By offering a 10-minute time saving per repair event and reduction of data entry, the integration enables Werner’s call center team to address repair events in an average of two calls compared to a previous average of 12 calls per event. In addition, streamlined service operations offer an improved repair velocity, allowing Werner’s professional drivers to get back on the road faster with a reduced dwell time of 30% on average.

 “Getting our drivers back on the road is one of the most important objectives within Werner,” said Scott Reed, senior vice president of maintenance for Werner Enterprises. “With the time savings provided by Navistar’s integration, we’re able to achieve that goal and realize the benefits across the organization, from the driver to the associate to the customer.”

Modern communication technologies — namely smartphones, telematics, and electronic logging devices — have helped tremendously in terms of speeding up response times, repairs and keeping everyone in the loop as to what’s going on. But technology only goes so far. Seasoned fleet managers have learned through trial-and-error how to best handle remote breakdowns as efficiently as possible. Here are some of the lessons learned from breakdowns far from home.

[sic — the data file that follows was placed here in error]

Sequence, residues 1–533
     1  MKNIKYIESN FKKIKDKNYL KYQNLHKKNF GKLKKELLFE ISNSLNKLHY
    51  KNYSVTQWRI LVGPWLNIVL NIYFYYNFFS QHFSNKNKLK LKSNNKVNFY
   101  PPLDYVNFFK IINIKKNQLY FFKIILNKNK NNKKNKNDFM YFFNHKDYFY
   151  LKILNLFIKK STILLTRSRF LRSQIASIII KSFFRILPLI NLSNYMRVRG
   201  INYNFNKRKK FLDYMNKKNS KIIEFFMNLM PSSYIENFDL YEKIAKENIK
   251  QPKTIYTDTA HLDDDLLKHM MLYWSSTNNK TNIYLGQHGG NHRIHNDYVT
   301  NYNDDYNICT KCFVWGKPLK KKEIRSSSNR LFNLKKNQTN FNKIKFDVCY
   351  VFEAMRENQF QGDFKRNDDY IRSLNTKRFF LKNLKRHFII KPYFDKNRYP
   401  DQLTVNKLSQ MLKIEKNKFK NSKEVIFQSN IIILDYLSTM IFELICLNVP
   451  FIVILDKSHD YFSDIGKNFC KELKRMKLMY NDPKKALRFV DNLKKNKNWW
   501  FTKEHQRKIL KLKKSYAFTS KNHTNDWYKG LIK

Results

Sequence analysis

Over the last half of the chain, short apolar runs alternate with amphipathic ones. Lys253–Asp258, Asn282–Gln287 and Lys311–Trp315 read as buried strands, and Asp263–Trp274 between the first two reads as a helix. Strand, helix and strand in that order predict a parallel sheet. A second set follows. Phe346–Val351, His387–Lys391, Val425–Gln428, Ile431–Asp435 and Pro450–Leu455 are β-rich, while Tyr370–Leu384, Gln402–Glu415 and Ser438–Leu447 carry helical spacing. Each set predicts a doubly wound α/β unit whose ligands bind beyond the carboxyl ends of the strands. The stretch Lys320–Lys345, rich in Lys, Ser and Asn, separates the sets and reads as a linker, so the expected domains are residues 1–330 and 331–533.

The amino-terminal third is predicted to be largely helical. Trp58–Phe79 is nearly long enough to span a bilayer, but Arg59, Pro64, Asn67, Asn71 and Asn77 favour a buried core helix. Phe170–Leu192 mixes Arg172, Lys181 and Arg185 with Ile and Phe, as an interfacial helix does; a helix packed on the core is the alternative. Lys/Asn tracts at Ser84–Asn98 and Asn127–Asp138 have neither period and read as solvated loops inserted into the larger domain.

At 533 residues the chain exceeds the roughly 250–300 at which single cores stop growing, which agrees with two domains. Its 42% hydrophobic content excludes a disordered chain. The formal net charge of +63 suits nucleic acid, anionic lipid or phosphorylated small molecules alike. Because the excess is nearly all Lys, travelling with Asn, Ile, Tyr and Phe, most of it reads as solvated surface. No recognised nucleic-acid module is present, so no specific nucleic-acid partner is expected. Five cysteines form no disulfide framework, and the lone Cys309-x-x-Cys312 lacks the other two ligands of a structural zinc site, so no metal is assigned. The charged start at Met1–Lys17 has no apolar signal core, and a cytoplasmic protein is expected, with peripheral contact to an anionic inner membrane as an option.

Working Out a Truck Breakdown

Darry Stuart, president of DWS Fleet Services, has been working breakdowns since before many of today’s fleet managers were even born. He remembers a time when the breakdown recovery process began with a driver hitching a ride or hoofing it down the road to find a pay phone and call somebody for help.